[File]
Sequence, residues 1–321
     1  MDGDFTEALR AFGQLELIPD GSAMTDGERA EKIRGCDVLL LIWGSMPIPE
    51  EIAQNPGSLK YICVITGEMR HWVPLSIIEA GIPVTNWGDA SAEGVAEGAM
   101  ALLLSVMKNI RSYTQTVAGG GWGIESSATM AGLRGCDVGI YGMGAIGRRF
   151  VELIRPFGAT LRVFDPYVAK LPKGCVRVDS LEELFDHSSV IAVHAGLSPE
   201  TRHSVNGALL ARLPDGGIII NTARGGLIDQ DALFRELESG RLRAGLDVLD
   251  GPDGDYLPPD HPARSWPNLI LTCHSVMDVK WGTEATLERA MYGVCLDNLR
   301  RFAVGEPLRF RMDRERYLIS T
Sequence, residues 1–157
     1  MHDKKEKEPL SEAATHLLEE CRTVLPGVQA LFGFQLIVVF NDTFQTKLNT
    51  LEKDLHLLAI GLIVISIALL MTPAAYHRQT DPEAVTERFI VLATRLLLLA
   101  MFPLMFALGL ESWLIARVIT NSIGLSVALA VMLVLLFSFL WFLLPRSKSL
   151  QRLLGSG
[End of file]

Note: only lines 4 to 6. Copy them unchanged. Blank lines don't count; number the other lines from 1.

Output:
   101  ALLLSVMKNI RSYTQTVAGG GWGIESSATM AGLRGCDVGI YGMGAIGRRF
   151  VELIRPFGAT LRVFDPYVAK LPKGCVRVDS LEELFDHSSV IAVHAGLSPE
   201  TRHSVNGALL ARLPDGGIII NTARGGLIDQ DALFRELESG RLRAGLDVLD